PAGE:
So what can we do to avoid these long-term problems? Realistically probably nothing. I hate to sound so down about it but at some point all technology will yet again make its next leap forward and likely render our current formats completely obsolete (again) in the process. The only thing we can do today that will likely have a meaningful impact that far into the future is to make use of very well documented and open standards. That means transitioning away from so-called binary formats, like .doc and .xls, and embracing the newer open standards meant to replace them. By doing so we can ensure large scale compliance (today) and work toward a sort of saturation effect wherein the likelihood of a complete ‘loss’ of ability to interpret our current formats decreases. This solution isn’t just a nice pie in the sky pipe dream for hippies either. Many large multinational organizations, governments, scientific and statistical groups and individuals are also all beginning to recognize this same issue and many have begun to take action to counteract it.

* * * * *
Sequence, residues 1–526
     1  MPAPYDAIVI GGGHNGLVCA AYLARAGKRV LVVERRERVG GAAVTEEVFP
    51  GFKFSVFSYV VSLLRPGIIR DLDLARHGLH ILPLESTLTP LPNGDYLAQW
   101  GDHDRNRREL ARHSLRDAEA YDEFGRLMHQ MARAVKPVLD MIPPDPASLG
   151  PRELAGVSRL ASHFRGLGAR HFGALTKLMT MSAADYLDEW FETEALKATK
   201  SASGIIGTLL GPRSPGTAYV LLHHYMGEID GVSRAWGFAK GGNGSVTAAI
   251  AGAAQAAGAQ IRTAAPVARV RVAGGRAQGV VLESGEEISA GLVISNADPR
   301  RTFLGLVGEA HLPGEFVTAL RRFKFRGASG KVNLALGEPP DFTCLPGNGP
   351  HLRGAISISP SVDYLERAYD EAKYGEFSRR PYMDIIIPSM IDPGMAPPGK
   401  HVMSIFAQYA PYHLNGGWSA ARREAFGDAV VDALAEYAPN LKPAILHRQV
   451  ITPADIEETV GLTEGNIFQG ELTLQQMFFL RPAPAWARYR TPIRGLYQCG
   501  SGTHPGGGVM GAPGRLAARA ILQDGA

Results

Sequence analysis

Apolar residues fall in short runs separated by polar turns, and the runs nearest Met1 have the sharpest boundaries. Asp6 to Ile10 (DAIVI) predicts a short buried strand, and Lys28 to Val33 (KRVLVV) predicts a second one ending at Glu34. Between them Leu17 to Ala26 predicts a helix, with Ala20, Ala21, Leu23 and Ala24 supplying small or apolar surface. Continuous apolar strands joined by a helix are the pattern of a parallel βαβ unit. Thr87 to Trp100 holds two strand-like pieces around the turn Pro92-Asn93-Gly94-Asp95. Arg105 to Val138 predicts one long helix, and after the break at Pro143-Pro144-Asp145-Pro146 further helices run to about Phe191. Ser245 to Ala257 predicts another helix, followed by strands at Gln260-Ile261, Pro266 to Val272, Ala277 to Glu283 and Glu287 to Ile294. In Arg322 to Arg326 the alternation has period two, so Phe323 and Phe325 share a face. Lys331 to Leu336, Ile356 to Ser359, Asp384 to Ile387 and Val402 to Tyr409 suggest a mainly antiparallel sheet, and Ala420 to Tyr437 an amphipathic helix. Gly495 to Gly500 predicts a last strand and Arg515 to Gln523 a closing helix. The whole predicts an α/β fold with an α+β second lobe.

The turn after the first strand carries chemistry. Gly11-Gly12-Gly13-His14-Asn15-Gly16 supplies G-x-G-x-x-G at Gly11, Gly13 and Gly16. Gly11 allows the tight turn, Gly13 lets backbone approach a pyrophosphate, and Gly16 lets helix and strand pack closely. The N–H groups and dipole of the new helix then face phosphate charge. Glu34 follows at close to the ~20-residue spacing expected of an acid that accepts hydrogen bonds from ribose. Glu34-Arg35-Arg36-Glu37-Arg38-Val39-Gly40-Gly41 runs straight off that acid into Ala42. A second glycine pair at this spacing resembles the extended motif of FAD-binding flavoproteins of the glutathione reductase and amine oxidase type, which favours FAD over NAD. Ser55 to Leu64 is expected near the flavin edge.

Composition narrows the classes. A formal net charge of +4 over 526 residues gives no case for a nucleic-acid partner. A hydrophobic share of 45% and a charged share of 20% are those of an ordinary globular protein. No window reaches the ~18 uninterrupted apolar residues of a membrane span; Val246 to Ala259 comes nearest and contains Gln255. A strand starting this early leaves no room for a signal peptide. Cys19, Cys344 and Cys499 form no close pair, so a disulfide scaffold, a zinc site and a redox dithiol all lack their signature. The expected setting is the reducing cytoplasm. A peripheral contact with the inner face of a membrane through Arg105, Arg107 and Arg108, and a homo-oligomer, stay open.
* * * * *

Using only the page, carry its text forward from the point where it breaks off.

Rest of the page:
Enter OpenDocument/Office Open XML

Back in 2005 the Organization for the Advancement of Structured Information Standards (OASIS) created a technical committee to help develop a completely transparent and open standardized document format the end result of which would be the OpenDocument standard. This standard has gone on to be the default file format in most open source applications (such as LibreOffice, OpenOffice.org, Calligra Suite, etc.) and has seen wide spread adoption by many groups and applications (like Microsoft Office). According to Wikipedia the OpenDocument is supported and promoted by over 600 companies and organizations (including Apple, Adobe, Google, IBM, Intel, Microsoft, Novell, Red Hat, Oracle, Wikimedia Foundation, etc.) and is currently the mandatory standard for all NATO members. It is also the default format (or at least a supported format) by more than 25 different countries and many more regions and cities.